For me, art is something through which I want to say something in a gentle way. When I want to convey something in words, it quickly becomes trivial. I want to express something with my art, and if I can’t, I personally have the feeling that I am not up to the challenge. I develop when I can show my art and talk to people about it. Interchange with others about my art helps me a great deal—it gives me support and self-confidence and inspiration.

From 2008 to 2011, I lived together with my husband, Martin, in New York. The change of place strongly influenced my art. The unpleasant encounters with art buyers and patrons brought me face to face once again with the powerlessness and helplessness I had suffered in my childhood and youth in India. This strengthened my yearning for homeland and identity and at the same time led me into a new artistic field: I began to produce installations. In my installations I use clay, plaster, fabric, ammunition shells, wood, and, for the first time, Tibetan Buddhist elements. I often follow a serial concept, arranging hundreds of plaster casts of teeth, cartridge cases or even penis models in—only at first glance—aesthetically harmonious artworks.

Working in New York inspired me to use Tibetan Buddhist objects, among others tsa tsa in the shape of stupas—manufactured with the aid of a tsa tsa mold that my parents had brought with them from Tibet—and cast-off monks’ robes from Lhasa, which I placed in different formal and functional contexts.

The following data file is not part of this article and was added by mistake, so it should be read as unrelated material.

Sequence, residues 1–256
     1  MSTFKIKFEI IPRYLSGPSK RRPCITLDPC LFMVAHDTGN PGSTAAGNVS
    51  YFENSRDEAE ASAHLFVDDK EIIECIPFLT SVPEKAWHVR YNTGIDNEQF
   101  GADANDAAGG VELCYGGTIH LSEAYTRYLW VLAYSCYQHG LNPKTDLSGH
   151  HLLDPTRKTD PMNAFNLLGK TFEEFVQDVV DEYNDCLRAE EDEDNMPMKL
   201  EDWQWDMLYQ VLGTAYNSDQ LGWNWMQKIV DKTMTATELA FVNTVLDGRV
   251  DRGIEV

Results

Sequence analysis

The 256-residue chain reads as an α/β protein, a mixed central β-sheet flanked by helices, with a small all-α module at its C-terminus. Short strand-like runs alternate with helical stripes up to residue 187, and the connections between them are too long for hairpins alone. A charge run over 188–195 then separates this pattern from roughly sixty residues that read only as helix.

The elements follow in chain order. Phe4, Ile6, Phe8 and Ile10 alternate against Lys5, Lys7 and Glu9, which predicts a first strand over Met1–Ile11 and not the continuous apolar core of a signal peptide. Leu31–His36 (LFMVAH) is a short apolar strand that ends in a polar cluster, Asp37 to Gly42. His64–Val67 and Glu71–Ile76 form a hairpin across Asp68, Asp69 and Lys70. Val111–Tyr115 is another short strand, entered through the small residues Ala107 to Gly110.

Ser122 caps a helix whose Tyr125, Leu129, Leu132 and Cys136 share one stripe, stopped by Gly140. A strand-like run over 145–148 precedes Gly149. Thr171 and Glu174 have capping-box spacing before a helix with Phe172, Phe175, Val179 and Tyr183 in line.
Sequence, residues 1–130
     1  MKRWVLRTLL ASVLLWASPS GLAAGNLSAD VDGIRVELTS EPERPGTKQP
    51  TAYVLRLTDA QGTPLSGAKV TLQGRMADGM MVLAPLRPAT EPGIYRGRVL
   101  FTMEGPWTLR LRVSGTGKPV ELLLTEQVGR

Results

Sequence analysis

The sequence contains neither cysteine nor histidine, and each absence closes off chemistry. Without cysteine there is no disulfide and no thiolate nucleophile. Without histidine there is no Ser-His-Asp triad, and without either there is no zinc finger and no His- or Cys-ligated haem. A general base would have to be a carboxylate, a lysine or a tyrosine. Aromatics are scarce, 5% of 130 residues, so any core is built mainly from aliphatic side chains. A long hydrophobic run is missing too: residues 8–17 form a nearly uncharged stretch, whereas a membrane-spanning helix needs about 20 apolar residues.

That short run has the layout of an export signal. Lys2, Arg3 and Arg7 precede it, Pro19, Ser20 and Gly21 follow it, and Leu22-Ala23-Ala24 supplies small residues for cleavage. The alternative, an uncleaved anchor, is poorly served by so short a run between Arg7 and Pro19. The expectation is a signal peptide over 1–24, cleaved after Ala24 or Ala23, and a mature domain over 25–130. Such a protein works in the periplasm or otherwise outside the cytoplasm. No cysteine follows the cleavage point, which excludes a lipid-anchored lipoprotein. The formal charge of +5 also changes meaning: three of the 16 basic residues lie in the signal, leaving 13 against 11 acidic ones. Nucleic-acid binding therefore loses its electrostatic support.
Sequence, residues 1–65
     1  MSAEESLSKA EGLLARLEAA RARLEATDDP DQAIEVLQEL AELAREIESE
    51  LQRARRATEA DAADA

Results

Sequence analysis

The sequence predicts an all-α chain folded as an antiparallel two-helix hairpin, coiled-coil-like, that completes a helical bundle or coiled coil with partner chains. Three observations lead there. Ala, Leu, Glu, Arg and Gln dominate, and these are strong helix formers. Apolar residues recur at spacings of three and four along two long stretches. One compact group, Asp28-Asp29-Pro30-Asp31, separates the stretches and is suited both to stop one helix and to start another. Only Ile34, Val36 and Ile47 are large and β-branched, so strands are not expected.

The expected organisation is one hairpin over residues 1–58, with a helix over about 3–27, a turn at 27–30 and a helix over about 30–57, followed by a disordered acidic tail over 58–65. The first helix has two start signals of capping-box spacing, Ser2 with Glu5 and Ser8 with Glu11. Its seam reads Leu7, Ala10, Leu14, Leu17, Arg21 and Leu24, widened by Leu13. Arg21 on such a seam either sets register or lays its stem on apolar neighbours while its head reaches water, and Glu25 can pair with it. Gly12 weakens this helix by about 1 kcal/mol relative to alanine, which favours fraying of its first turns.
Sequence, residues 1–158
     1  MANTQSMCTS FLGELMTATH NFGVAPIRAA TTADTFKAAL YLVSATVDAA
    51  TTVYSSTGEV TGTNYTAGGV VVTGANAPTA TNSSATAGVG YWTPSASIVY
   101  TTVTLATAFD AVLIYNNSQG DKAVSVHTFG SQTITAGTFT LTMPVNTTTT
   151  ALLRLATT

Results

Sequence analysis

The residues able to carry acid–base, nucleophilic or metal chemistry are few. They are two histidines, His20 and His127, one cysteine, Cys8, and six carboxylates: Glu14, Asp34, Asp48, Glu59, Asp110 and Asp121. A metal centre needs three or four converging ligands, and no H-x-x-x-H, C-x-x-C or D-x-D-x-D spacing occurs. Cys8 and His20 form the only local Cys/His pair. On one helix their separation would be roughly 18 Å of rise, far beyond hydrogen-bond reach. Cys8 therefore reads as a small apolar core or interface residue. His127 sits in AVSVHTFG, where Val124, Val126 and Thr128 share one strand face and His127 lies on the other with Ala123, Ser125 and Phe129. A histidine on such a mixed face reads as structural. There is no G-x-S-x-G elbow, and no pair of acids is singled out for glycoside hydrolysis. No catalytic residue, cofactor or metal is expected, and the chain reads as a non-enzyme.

In the West we mainly associate Tibetan art with finely worked statues, or thangkas—the scroll paintings framed in brocade—which both fulfill religious functions. The first generation of Tibetan contemporary artists in many cases studied in Chinese art academies and after their return to Tibet felt the need to approach their own (Buddhist) roots with modern methods. A clear feature of their early years is reference to religious themes, for the most part Buddha portraits.

I have found in the course of the years that I would never paint a Buddha. A Buddha is already “there;” he is perfect. I would not have known at all what else I should say. I come from a generation who learnt from childhood that one should not paint these subjects until one has studied for several years from a pattern and one’s teacher has given permission. So, I also had fear of painting such a thing, because that is so deeply established in me. It is misconduct—a “sin”—to just go and paint such a thing. That generates bad karma, I would not risk that, and this subject has never interested me.

I live in Switzerland and really have everything. But there is something that does concern me: I have no homeland, which certainly has an effect on my sense of identity. My northern European women friends go home twice a year and then come back to Switzerland. They feel happy here, but they still have their homeland. I have no homeland. This subject also resurfaces in my works, for example in “My Father’s Death” or in my series “Yishen,” which takes as its central theme the self-immolations in Tibet.

In Tibetan culture there is no tradition of self-immolation. We regard suicide as something extremely unbeneficial. But this sort of protest has existed in China long ago, and there, Buddhist monks in particular have burned themselves in impotent rage against the powerful and the government. I found the expression “yishen” for “abandoning one’s body” and considered it very appropriate. Because you cannot endure this unbearable situation and have to abandon your body. The “consciousness” goes out of the “building.” That suited my subject. Also I would like to convey to the Chinese: look here, now this is bringing you your own protest back to Tibet!

The series makes strong reference to Tibet and reflects its problematic situation. With these paintings I want somehow to fight for it and communicate about it. I want to convey with these works that Tibet still exists and must not be forgotten.


JTL Volume 2.1 displays a cropped version of Sonam Dolma Brauen’s Silent Ocean 21 on its cover.